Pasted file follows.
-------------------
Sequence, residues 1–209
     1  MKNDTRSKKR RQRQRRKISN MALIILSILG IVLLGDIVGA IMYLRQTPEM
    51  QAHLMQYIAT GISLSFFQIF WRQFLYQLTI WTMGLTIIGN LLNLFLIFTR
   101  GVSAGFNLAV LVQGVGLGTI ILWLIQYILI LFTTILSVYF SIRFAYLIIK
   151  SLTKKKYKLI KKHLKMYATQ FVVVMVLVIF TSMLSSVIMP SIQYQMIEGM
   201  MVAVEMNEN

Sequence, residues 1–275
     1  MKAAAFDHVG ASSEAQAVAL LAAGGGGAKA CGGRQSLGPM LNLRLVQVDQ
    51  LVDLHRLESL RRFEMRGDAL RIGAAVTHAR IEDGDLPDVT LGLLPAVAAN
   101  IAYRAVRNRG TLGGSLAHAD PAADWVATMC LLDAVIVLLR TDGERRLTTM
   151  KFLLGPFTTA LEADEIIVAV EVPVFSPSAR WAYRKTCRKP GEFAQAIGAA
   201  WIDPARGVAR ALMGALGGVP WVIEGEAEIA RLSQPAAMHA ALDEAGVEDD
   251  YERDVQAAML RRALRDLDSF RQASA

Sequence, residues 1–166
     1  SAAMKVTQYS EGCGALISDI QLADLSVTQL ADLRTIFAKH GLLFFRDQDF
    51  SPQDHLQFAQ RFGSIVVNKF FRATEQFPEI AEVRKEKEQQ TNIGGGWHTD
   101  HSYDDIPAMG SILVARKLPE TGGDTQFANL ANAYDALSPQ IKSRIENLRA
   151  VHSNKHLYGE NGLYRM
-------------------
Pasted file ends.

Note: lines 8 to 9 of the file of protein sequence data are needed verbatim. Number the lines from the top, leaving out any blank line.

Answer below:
     1  MKAAAFDHVG ASSEAQAVAL LAAGGGGAKA CGGRQSLGPM LNLRLVQVDQ
    51  LVDLHRLESL RRFEMRGDAL RIGAAVTHAR IEDGDLPDVT LGLLPAVAAN